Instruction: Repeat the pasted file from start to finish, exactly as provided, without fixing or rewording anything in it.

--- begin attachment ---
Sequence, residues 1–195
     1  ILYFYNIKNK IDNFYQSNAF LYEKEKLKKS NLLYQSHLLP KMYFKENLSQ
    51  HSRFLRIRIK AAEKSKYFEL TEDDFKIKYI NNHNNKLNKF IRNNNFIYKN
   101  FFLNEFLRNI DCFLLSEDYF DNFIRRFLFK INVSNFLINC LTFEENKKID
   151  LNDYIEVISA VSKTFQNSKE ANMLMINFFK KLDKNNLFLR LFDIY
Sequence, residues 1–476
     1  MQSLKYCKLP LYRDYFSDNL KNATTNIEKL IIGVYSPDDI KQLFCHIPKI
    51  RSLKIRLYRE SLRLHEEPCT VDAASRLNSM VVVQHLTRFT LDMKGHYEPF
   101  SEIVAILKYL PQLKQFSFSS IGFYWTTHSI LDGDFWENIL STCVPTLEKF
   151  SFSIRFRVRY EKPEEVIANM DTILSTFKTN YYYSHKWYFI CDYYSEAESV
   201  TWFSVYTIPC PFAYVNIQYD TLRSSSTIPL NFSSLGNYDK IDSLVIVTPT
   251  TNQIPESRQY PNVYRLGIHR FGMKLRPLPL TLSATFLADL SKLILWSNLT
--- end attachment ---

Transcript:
Sequence, residues 1–195
     1  ILYFYNIKNK IDNFYQSNAF LYEKEKLKKS NLLYQSHLLP KMYFKENLSQ
    51  HSRFLRIRIK AAEKSKYFEL TEDDFKIKYI NNHNNKLNKF IRNNNFIYKN
   101  FFLNEFLRNI DCFLLSEDYF DNFIRRFLFK INVSNFLINC LTFEENKKID
   151  LNDYIEVISA VSKTFQNSKE ANMLMINFFK KLDKNNLFLR LFDIY
Sequence, residues 1–476
     1  MQSLKYCKLP LYRDYFSDNL KNATTNIEKL IIGVYSPDDI KQLFCHIPKI
    51  RSLKIRLYRE SLRLHEEPCT VDAASRLNSM VVVQHLTRFT LDMKGHYEPF
   101  SEIVAILKYL PQLKQFSFSS IGFYWTTHSI LDGDFWENIL STCVPTLEKF
   151  SFSIRFRVRY EKPEEVIANM DTILSTFKTN YYYSHKWYFI CDYYSEAESV
   201  TWFSVYTIPC PFAYVNIQYD TLRSSSTIPL NFSSLGNYDK IDSLVIVTPT
   251  TNQIPESRQY PNVYRLGIHR FGMKLRPLPL TLSATFLADL SKLILWSNLT